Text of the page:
ARTISTS UNITE! – Stop the scammers
Just a few days ago, a close friend called me about a suspicious email. Someone from Toronto had contacted her to purchase one of her paintings. He claimed it was for his office. After providing an address, my friend did a search on Google Maps and located a low income apartment building in Toronto, not an office! The script in the email was similar to ones in received in 2014 and 2015.
This is most recent one I received:
|From: Brown White <firstname.lastname@example.org>
Date: August 28, 2015 at 7:01:01 AM EDT
Hope this message finds you well,im Brown from North Carolina,was
This is definitely a scammer using a script. First clue? If he or she caught sight of my work on line, they would have my website address. So why ask for it? All of my painting images that appear through an intentional or accidental internet search under my name or a painting subject tag, have the website URL displayed.
Second clue? the English grammar reflects someone whose first language is not English. This might not be a red flag but usually is. These people aren’t too creative. They use the same script over and over to hundreds of artists who are only hoping to sell their work. You’d think they would get an English speaking person to draft them a proper message and have a few variations. Not too bright.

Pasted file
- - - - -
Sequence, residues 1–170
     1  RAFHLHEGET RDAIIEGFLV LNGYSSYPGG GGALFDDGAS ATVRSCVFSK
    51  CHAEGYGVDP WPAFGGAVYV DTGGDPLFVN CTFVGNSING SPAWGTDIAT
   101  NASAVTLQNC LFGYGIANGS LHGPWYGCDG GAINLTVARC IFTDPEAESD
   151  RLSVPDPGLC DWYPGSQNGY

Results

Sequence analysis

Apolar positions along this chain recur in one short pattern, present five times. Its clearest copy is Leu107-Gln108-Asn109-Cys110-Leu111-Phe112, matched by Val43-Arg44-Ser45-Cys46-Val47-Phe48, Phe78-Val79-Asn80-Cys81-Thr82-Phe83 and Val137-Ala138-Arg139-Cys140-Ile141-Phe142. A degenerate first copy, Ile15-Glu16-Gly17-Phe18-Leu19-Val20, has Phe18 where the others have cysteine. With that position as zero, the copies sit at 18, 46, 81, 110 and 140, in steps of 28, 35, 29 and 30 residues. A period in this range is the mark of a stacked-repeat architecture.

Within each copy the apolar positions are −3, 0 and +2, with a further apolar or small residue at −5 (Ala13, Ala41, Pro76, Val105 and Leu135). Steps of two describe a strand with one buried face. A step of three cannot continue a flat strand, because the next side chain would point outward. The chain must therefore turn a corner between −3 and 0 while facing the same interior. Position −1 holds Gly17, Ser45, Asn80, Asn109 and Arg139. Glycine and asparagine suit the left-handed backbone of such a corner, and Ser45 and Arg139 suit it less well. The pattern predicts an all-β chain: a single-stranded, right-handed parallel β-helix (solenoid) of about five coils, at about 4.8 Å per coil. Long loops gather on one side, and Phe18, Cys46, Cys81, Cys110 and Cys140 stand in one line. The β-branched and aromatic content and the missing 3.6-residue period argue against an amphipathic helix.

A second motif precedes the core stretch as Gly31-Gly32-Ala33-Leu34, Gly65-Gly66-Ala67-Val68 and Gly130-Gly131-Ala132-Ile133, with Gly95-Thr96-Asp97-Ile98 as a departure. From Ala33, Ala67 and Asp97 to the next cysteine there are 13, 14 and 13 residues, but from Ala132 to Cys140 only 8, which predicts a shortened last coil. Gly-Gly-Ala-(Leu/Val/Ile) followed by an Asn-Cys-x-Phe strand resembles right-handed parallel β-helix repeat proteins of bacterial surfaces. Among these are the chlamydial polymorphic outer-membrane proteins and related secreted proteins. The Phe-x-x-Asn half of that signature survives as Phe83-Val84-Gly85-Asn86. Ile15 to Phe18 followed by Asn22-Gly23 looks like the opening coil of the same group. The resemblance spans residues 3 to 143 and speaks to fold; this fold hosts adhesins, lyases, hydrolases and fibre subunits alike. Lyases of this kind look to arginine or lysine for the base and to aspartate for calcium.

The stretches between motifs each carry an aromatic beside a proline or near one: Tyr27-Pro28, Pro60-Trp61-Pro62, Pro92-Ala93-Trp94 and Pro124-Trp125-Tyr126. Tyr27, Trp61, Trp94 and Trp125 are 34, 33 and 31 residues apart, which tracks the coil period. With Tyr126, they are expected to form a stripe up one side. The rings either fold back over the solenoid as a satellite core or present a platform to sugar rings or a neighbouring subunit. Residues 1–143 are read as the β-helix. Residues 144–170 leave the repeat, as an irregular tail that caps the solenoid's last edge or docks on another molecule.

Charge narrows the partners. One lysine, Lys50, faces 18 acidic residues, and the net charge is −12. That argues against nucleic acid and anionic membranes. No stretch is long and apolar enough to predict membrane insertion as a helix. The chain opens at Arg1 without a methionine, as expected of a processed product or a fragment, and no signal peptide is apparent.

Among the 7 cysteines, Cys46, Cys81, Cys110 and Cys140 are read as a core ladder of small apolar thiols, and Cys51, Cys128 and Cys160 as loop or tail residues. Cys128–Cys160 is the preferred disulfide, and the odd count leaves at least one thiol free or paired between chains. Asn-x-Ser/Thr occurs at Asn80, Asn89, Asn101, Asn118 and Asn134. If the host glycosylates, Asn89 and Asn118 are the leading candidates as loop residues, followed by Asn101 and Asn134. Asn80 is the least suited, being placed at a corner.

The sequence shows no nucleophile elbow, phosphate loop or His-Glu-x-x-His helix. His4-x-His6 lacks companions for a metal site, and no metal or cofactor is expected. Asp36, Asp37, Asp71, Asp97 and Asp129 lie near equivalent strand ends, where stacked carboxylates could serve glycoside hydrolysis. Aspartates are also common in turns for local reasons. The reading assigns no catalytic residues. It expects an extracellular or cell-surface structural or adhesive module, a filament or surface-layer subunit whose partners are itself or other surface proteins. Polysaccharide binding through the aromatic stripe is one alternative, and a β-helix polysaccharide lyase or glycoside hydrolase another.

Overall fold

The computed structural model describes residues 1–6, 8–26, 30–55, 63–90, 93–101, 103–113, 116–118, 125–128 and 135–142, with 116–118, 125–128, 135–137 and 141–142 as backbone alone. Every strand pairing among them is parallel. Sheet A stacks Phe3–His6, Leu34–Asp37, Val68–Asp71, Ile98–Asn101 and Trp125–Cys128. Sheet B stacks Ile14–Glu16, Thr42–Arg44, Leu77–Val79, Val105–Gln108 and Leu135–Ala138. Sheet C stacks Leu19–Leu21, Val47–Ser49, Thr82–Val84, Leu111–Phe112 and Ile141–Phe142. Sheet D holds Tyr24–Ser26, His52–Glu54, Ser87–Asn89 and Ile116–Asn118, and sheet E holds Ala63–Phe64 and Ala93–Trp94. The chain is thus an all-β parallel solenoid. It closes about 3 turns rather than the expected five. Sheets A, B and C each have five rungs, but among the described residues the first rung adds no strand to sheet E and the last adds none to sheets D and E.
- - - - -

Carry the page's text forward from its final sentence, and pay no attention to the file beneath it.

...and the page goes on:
I decided to do an online search of this ‘person’s’ name and email. What I found was article at http://painting.about.com/od/careerdevelopment/fl/Learn-About-Internet-Art-Scams.htm by artist Lisa Marder. She had received the identical email and provides some useful links.
If you are contacted, send the information to the RCMP Anti-Fraud Dept http://www.antifraudcentre-centreantifraude.ca/index-eng.htm for their information and perhaps the possibility of tracking down the con artist(s). The chances of this are slim but at least they will have another report on file. In addition, I filed a report at http://www.ic3.gov/complaint/default.aspx? – the FBI’s Internet Complaint Centre.
So artists, PLEASE BEWARE!!! If it sounds too good, it probably is. Protect yourself and your work.
Do a search on the internet to check out your potential buyer and their address. If something seems fishy, report the incident to the RCMP and FBI.
Check out this artist’s blog as well: ANOTHER ART SCAM – THIS HAS TO STOP!
- Posted in: Creativity